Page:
A Golf Tutorial on How to Choose the Right Wedge for an Approach Shot
Knowing how far you can hit each one of the clubs in your bag is an important skill for any golfer. Success on the golf course is all about controlling the position of your ball as much as possible to avoid hazards, leave easier shots around the greens, etc. When you are able to hit the ball a predictable distance time and again, your scores are sure to go down. While this skill is important all around the course, it is especially vital when it comes to the wedge game. An approach shot with a wedge is one that you would like to get close to the hole, so controlling the distance of the shot is essential.
Use the following tips for picking the right wedge on short approach shots –
- Record your distances. The preparation for a given approach shot should have started many rounds ago, when you started writing down the yardage that you hit each shot with your wedges. Simply by making a note of how far you can hit all of your wedges on a consistent basis, it will get much easier to pull the right club at the right time. Simply consult your distance chart from previous rounds and you should quickly be able to pick out the right wedge for the job.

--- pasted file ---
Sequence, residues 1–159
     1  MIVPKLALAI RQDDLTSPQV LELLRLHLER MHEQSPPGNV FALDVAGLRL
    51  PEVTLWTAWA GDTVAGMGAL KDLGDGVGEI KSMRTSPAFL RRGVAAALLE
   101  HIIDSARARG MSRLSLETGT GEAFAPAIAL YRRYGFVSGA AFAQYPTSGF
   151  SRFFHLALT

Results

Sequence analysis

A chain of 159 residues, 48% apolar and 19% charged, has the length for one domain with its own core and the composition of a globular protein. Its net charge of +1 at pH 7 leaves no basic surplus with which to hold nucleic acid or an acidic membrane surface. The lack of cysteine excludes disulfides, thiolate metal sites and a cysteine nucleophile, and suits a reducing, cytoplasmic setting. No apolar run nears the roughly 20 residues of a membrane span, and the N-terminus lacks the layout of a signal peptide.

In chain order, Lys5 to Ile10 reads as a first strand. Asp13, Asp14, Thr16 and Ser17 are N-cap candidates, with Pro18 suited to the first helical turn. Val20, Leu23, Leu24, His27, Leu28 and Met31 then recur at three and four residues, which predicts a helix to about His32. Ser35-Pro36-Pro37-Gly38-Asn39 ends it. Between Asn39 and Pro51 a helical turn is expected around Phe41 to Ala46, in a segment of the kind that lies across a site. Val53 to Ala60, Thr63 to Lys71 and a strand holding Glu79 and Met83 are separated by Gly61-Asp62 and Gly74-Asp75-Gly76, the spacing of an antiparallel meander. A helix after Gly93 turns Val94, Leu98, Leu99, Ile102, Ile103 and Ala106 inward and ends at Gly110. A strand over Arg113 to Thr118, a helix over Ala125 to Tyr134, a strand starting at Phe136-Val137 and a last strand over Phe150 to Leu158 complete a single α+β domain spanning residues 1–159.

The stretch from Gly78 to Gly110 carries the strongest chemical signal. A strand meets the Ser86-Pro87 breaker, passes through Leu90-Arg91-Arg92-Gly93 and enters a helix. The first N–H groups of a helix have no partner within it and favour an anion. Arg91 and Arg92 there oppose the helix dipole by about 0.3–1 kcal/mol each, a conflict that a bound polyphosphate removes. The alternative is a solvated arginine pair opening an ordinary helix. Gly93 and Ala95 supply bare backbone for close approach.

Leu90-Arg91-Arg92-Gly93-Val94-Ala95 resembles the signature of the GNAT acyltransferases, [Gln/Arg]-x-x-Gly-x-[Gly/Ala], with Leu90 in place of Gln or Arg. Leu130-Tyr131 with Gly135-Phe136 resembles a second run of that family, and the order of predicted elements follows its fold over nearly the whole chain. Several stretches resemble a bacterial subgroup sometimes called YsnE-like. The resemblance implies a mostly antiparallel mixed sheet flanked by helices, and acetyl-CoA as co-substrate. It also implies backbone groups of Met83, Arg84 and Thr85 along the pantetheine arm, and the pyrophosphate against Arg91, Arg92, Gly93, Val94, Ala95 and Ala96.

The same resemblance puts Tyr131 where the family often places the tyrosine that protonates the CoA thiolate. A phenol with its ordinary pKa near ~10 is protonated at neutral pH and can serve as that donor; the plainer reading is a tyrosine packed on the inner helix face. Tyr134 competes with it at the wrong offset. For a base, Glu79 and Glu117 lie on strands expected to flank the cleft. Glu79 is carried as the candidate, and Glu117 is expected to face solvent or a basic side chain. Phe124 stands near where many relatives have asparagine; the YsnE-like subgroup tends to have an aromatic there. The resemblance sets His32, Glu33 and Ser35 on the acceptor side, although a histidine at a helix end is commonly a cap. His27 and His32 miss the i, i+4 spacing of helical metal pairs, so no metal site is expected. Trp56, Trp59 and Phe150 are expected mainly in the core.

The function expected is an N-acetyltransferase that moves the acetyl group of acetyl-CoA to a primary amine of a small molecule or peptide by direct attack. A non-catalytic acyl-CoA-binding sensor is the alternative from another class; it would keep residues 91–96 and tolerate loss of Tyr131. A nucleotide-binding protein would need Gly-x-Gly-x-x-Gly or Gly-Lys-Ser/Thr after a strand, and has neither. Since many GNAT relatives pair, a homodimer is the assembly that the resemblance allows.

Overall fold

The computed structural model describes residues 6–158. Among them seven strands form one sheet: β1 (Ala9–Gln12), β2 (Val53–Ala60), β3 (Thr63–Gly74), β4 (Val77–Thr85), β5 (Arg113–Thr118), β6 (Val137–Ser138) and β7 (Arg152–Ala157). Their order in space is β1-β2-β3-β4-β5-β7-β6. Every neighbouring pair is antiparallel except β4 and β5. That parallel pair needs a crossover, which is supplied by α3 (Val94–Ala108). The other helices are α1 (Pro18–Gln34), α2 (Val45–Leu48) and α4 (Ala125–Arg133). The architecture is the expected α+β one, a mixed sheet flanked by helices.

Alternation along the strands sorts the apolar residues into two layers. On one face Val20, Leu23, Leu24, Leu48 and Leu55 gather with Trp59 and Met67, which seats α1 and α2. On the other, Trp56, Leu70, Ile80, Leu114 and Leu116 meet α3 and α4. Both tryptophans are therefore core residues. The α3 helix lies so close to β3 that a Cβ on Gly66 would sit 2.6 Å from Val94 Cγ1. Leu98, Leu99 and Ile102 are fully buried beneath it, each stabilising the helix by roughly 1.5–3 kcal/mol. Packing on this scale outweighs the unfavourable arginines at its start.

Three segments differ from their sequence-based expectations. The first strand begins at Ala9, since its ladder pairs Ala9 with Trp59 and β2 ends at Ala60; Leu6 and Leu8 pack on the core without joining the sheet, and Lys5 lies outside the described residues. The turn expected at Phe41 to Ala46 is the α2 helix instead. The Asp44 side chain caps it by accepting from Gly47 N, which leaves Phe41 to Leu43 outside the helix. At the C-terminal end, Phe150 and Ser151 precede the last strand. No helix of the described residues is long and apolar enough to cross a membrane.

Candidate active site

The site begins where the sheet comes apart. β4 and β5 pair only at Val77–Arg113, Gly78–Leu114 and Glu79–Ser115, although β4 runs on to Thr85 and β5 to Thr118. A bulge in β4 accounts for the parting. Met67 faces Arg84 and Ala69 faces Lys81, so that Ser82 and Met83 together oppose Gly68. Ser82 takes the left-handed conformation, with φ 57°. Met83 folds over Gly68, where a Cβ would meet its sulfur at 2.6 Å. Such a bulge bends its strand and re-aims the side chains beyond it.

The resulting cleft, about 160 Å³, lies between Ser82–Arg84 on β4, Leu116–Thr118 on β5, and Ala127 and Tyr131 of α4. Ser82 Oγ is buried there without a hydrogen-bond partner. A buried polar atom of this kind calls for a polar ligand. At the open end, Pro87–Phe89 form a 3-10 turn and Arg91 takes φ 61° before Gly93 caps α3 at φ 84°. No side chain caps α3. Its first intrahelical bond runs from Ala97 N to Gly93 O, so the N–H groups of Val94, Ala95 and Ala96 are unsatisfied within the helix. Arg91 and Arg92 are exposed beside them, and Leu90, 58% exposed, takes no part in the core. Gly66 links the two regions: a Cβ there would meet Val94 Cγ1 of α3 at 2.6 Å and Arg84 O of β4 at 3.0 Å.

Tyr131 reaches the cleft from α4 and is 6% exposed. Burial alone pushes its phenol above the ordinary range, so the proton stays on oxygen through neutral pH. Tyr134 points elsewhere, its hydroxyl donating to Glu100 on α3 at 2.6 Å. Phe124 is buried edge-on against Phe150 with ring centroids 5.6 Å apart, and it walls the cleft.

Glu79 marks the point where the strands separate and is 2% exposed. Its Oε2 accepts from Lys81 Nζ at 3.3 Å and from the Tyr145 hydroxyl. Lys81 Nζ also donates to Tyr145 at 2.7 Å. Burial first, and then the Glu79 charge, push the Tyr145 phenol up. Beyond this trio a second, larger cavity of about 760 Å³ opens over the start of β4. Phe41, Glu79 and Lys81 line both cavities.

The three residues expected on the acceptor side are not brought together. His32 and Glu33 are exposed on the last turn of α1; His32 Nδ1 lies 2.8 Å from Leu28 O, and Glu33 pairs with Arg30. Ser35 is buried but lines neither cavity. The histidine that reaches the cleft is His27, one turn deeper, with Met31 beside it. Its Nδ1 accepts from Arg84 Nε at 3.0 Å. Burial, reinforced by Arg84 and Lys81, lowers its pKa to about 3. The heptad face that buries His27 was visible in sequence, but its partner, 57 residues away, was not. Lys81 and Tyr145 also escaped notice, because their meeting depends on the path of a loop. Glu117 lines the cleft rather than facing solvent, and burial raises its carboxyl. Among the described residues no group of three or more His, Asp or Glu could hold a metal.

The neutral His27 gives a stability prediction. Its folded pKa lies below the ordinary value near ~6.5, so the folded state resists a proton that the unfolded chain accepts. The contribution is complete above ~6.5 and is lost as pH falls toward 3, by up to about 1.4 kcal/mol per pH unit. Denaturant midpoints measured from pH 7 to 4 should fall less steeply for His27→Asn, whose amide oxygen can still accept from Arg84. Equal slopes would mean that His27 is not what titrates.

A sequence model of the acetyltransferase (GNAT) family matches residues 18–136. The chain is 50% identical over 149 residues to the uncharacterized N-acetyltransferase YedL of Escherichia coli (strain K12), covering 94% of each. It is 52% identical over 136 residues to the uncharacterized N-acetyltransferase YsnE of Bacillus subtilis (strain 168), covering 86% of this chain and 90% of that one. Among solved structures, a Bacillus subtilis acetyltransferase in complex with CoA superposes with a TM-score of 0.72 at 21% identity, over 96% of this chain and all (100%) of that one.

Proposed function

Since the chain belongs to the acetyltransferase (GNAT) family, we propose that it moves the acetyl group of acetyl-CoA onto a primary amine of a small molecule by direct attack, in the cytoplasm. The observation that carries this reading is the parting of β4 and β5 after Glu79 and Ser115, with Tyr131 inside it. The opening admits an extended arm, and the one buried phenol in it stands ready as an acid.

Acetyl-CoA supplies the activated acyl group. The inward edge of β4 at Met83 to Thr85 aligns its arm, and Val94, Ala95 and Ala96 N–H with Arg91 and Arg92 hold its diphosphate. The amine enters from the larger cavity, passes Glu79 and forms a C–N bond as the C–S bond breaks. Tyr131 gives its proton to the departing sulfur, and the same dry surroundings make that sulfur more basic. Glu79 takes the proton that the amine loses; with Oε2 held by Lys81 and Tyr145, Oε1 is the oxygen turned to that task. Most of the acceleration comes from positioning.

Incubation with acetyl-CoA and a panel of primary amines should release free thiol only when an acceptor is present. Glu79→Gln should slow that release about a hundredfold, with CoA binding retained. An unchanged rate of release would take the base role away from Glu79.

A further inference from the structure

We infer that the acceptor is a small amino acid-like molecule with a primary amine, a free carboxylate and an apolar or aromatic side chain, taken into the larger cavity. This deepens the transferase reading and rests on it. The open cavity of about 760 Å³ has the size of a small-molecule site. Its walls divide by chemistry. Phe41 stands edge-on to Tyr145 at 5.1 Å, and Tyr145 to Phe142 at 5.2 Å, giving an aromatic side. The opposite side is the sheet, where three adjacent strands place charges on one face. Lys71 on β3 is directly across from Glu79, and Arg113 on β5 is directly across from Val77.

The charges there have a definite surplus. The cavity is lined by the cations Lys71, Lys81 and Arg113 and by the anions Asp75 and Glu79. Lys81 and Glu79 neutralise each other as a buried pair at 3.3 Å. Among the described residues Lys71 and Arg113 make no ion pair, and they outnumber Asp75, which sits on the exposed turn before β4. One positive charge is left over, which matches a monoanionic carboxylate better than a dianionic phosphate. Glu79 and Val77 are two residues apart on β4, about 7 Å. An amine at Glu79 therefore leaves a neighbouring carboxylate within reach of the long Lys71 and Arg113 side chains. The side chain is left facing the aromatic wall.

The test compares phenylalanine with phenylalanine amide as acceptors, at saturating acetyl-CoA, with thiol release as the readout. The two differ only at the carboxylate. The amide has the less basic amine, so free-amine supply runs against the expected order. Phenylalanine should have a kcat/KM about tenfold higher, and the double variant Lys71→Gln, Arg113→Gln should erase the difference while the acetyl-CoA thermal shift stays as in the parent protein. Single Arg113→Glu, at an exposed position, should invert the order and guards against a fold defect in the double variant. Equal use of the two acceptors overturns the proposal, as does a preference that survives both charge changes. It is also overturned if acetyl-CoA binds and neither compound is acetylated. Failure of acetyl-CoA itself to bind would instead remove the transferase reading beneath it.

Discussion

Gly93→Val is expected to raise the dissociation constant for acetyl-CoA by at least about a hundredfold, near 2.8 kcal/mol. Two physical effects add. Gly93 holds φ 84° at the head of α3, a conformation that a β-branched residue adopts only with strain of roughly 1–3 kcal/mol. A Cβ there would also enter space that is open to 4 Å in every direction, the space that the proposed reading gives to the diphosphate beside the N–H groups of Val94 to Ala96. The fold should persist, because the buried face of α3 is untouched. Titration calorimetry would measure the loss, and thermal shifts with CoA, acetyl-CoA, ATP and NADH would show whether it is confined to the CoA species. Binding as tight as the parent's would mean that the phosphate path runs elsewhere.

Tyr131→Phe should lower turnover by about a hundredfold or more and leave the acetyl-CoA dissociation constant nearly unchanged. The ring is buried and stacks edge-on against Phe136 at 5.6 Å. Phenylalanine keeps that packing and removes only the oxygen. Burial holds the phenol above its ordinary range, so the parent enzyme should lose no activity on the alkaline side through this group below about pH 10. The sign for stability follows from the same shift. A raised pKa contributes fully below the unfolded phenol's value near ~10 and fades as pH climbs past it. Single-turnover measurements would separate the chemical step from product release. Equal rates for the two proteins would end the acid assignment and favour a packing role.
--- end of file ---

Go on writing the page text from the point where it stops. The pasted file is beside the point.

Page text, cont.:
- Check for hazards. Picking the right club for a given shot is about more than just knowing the yardage. You also need to take a look at the green complex and decide where it is okay to miss – and where you need to avoid. For example, if there is water short of the green, take the wedge that will error on the long side so you can avoid the hazard if nothing else.
- Watch the slope. Pay attention to the slope of the ground under your feet to make any adjustments that are necessary to your wedge selection. If the ground is sloped up toward the target, you will need to take an extra club as the slope will cause the flight of the ball to be higher – and therefore shorter. The opposite is true from a downhill lie. In this case, you may be able to use less club than usual and expect the flight of the ball to come out lower than normal, adding distance to the shot.